Table of Contents
This chapter explains how to create groups and discusses different ways to use them.
An AFS group is a list of specific users that you can place on access control lists (ACLs). Groups make it much easier to maintain ACLs. Instead of creating an ACL entry for every user individually, you create one entry for a group to which the users belong. Similarly, you can grant a user access to many directories at once by adding the user to a group that appears on the relevant ACLs.
AFS client machines can also belong to a group. Anyone logged into the machine inherits the permissions granted to the group on an ACL, even if they are not authenticated with AFS. In general, groups of machines are useful only to system administrators, for specialized purposes like complying with licensing agreements your cell has with software vendors. Talk with your system administrator before putting a client machine in a group or using a machine group on an ACL.
To learn about AFS file protection and how to add groups to ACLs, see Protecting Your Directories and Files.
There are three typical ways to use groups, each suited to a particular purpose: private use, shared use, and group use. The following are only suggestions. You are free to use groups in any way you choose.
Private use: you create a group and place it on the ACL of directories you own, without necessarily informing the group's members that they belong to it. Members notice only that they can or cannot access the directory in a certain way. You retain sole administrative control over the group, since you are the owner.
The existence of the group and the identity of its members is not necessarily secret. Other users can see the group's name on an ACL when they use the fs listacl command, and can use the pts membership command to display + the groups to which they themselves belong. You can, however, limit who can display the members of the group, as described in Protecting Group-Related Information.
Shared use: you inform the group's members that they belong to the group, but you are the group's sole owner and administrator. For example, the manager of a work group can create a group of all the members in the work group, and encourage them to use it on the ACLs of directories that house information they want to share with other members of the group.
If you place a group owned by someone else on your ACLs, the group's owner can change the group's membership without informing you. Someone new can gain or lose access in a way you did not intend and without your knowledge.
Group use: you create a group and then use the pts chown command to assign ownership to a group--either another group or the group itself (the latter type is a self-owned group). You inform the members of the owning group that they all can administer the owned group. For instructions for the pts chown command, see To Change a Group's Owner.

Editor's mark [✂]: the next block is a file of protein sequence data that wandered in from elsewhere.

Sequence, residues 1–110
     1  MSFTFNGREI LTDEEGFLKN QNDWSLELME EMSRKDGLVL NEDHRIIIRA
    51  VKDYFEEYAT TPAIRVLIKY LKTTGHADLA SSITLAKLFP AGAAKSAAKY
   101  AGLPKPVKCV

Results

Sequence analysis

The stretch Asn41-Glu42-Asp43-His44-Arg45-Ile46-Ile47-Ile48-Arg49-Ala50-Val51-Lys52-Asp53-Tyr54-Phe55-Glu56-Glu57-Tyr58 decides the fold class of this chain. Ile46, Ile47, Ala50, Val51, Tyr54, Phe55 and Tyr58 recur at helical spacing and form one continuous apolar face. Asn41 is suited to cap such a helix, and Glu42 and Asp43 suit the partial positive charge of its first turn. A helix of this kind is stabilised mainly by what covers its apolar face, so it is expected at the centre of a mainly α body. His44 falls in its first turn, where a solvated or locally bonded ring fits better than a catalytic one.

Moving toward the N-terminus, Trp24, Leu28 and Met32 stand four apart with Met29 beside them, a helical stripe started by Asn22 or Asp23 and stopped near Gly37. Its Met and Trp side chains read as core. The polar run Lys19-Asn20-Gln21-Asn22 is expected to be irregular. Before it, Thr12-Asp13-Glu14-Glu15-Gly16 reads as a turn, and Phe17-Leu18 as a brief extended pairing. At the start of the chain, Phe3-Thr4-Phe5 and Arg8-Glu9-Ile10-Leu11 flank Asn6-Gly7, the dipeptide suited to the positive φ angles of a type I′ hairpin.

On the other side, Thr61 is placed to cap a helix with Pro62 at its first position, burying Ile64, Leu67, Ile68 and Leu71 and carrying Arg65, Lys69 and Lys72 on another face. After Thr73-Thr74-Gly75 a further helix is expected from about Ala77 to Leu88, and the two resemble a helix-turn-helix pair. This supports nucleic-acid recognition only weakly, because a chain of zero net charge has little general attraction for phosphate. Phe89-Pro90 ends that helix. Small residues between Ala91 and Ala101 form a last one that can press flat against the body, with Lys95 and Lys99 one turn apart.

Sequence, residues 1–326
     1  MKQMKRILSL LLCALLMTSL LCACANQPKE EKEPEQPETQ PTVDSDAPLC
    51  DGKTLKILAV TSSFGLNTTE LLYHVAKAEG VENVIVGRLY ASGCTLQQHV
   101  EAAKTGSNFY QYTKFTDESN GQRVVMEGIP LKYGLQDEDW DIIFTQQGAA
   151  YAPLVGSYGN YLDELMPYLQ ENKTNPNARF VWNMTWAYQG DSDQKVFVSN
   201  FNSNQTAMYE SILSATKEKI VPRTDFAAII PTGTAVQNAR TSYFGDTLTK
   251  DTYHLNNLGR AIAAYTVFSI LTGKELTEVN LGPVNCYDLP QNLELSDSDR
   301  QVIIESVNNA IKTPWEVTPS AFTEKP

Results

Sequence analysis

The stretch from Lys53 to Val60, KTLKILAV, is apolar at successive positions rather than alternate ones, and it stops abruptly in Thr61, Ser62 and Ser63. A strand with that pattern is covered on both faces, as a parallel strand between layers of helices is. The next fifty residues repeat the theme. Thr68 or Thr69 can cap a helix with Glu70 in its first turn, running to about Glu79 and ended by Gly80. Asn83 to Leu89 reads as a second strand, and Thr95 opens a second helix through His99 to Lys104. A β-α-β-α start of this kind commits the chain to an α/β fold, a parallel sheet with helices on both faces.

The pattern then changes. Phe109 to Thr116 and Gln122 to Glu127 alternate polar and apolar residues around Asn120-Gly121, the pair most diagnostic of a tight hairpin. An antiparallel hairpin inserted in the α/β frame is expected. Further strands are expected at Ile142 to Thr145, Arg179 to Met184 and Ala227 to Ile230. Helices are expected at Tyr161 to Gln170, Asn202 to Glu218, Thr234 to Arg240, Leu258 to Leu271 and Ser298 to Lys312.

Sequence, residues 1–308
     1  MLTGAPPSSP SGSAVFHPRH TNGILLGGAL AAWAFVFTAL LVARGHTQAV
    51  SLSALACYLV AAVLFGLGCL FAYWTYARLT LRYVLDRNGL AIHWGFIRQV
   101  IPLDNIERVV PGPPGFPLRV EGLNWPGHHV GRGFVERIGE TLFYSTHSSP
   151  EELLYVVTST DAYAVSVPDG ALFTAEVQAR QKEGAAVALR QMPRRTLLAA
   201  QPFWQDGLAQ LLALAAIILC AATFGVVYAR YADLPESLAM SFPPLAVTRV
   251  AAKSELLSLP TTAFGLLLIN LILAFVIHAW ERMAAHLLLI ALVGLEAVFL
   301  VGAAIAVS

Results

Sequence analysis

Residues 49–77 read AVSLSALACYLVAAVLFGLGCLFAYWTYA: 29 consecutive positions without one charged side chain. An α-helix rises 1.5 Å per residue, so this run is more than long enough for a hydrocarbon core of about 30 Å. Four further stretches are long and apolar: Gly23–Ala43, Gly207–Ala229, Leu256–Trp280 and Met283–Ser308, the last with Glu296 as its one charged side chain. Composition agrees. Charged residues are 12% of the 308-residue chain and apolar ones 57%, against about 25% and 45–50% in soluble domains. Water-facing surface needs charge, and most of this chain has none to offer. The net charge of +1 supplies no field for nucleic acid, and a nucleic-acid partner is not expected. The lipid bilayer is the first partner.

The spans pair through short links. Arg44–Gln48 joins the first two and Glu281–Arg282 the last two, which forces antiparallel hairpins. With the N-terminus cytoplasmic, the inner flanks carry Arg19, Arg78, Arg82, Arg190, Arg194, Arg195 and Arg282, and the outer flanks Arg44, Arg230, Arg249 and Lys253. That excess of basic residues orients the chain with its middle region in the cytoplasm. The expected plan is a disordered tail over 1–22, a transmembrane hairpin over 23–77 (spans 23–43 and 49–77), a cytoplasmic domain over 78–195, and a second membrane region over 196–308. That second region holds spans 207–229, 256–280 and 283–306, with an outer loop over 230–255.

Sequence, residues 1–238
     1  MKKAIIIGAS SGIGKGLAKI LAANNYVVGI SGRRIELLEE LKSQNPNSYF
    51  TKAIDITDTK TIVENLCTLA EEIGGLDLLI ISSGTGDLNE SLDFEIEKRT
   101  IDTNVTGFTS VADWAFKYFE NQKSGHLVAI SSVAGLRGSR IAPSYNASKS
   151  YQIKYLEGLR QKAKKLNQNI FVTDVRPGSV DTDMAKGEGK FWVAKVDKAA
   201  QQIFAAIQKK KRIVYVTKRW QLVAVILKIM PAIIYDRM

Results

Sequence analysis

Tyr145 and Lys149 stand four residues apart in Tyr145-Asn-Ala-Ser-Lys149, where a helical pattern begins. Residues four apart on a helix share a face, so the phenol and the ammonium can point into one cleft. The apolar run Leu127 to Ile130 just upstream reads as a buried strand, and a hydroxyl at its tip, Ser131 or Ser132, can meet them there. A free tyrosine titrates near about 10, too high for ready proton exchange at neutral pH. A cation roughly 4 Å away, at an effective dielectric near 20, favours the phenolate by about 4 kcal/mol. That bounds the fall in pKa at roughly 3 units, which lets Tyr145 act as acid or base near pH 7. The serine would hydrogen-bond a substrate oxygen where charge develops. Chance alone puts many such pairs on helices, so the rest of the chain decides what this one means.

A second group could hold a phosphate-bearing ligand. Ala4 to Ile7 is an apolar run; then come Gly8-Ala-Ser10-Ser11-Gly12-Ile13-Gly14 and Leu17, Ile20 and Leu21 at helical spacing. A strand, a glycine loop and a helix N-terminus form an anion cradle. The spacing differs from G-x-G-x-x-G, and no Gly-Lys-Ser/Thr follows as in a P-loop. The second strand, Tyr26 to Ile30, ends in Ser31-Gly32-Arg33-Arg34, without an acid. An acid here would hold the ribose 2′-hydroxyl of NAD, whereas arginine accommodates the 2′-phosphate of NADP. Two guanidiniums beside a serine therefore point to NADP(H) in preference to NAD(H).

The main advantage of designating a group as an owner is that several people share responsibility for administering the group. A single person does not have to perform all administrative tasks, and if the group's original owner leaves the cell, there are still other people who can administer it.
However, everyone in the owner group can make changes that affect others negatively: adding or removing people from the group inappropriately or changing the group's ownership to themselves exclusively. These problems can be particularly sensitive in a self-owned group. Using an owner group works best if all the members know and trust each other; it is probably wise to keep the number of people in an owner group small.
The groups you create must have names with two parts, in the following format:
owner_name prefix indicates which user or group owns the group (naming rules appear in
To Create a Group). The
group_name part indicates the group's
purpose or its members' common interest. Group names must always be typed in full, so a short
group_name is most practical. However, names like terry:1 and
terry:2 that do not indicate the group's purpose are less useful than names like terry:project.
Groups that do not have the
owner_name prefix possibly appear on some ACLs; they are created
by system administrators only. All of the groups you create must have an
By default, you can create 20 groups, but your system administrators can change your group-creation quota if appropriate. When you create a group, your group quota decrements by one. When a group that you created is deleted, your quota increments by one, even if you are no longer the owner. You cannot increase your quota by transferring ownership of a group to someone else, because you are always recorded as the creator.
If you exhaust your group-creation quota and need to create more groups, ask your system administrator. For instructions for displaying your group-creation quota, see To Display A Group Entry.